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Economy in Brief

EMU PPI Very Mixed Trends; Data Show Accelerations on Data Inside One Year...Otherwise Decelerations
by Robert Brusca  July 3, 2018

The graph shows decelerating year-on-year trends for consumer goods and intermediate goods with capital goods inflation low and essentially flat-lining. However, the table, which looks more at trends at 12-month and less, shows PPI acceleration for the total PPI excluding construction and for intermediate goods. For consumer goods and for capital goods, inflation trends remain tranquil. As a result, PPI trends in the EMU are very mixed.

Three-month annualized inflation is higher than 12-month inflation for every country in the table except Ireland. And six-month inflation is greater than 12-month inflation for every country except three: France, the U.K. and Belgium. But if we compare 12-month inflation today with 12-month inflation of one year ago, inflation is higher in only five countries: France, the U.K., Greece, Austria, and Luxembourg. It is lower in seven.

Part of this is probably due to oil prices. The table below shows that the highest correlations with oil prices are for overall manufacturing prices and for intermediate goods followed by consumer goods with a substantially smaller correlation for capital goods prices.

Table 1 shows that Brent prices have been rising tenaciously over the past year. They are up in simple monthly terms by about 7.5% in each of the last two months. Brent prices have accelerated from a 50% annual rate over 12 months and six months to an 89% annual rate over three months. Oil prices are a clear contributor to rising intermediate goods prices and to rising PPI inflation. One year ago, the 12-month increase in Brent prices was only 7.9%. That’s why the acceleration in Brent prices has been able to boost current inflation by so much especially recently. Yet, for the full year-on-year comparisons, inflation is lower over the past 12 months than over the previous 12 months.

There is a great deal of inflation anxiety around at least on the part of policymakers. Private sector surveys show that the public is relatively convinced that inflation will remain low. By contrast, policymakers, whose responsibility is to keep inflation low, have great fears that prices could be rising. A synchronously growing global economy coupled with tight labor markets is seen as a classical inflation trap waiting to be sprung.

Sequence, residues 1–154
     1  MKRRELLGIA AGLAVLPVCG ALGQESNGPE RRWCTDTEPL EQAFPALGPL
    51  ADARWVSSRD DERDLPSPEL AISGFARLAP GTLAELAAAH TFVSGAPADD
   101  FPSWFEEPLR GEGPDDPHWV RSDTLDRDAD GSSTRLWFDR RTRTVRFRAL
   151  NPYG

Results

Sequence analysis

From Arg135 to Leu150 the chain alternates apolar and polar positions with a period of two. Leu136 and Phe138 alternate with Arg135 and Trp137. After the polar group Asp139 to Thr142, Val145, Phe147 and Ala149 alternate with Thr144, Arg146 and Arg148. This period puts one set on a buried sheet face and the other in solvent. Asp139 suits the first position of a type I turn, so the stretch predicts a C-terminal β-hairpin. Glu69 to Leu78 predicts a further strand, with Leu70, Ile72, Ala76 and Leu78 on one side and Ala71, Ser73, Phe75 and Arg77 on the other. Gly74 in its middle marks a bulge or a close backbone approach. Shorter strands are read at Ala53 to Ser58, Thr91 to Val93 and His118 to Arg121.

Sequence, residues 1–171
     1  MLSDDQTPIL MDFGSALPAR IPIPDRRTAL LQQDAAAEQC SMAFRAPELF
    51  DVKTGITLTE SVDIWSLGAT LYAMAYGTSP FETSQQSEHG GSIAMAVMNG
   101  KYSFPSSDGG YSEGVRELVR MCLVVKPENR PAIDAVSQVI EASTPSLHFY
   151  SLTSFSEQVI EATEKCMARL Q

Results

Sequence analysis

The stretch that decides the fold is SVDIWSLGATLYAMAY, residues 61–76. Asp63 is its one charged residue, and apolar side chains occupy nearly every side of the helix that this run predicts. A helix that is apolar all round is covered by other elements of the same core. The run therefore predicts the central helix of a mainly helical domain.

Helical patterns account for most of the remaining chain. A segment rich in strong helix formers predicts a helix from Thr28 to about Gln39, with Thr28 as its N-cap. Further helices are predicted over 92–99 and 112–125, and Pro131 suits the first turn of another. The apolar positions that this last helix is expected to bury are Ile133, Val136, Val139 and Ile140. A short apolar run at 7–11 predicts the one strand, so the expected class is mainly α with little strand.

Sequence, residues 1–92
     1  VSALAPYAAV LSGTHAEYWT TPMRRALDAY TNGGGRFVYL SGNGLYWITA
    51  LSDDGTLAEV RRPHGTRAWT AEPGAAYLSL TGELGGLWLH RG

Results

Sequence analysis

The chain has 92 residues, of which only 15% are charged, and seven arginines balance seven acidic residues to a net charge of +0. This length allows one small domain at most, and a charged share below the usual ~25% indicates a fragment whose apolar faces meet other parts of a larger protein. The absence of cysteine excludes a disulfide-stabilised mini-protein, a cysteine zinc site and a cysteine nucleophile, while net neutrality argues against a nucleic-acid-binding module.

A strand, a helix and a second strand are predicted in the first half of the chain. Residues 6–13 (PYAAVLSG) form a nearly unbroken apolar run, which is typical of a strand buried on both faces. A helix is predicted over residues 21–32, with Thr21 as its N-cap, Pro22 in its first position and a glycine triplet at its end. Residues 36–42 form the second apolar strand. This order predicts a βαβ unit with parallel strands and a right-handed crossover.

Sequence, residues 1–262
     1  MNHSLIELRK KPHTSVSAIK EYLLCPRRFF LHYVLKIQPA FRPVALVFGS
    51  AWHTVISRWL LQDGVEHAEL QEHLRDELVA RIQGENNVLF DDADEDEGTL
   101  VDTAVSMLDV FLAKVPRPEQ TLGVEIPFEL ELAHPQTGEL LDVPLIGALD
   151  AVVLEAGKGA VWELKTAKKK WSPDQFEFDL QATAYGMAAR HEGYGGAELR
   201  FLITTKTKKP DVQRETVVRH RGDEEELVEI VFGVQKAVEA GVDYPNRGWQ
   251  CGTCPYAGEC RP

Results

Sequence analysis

It is partly the fact that central bankers do not take low inflation as a given that markets can be so copacetic about the outlook. On the other hand, there are also changed market dynamics that make tight labor markets less a factor than they might have been in the past. Firms can more easily source overseas labor, technology offers a lot more opportunities to use existing labor more efficiently, and information technology has kept consumers, businesses and close competitors aware of prices, a factor that has caused firms to be more careful and less aggressive about raising prices.

In short, inflation tends to be more sticky at lower levels. In this economy and the real risk may not be of inflation rising but of central banks too afraid of inflation rising and too wedded to old economic models so that they act more aggressively than circumstances warrant. It’s fair to say that many central bankers these days feel that they are behind the curve as far as raising rates or the level of their policy rates is concerned. But what if they are wrong? What if they wait for the glimmer of growth they need and use it as an excuse to raise rates too soon or too much? Is it possible that the real risk for central banks is that they will reverse policies of accommodation to soon because they are afraid of making the classic central bank mistake of staying too easy for too long? Yes, it is possible and it is something to be on guard for. We are a decade past a nasty recession and financial crisis. Yet, we still do not have inflation cruising at the neutral pace central banks seek. While resource usage is back toward normal, a number of special circumstances warn us about taking unemployment rates too literally. Clearly, the world has changed. And just as clearly…central bankers have not.

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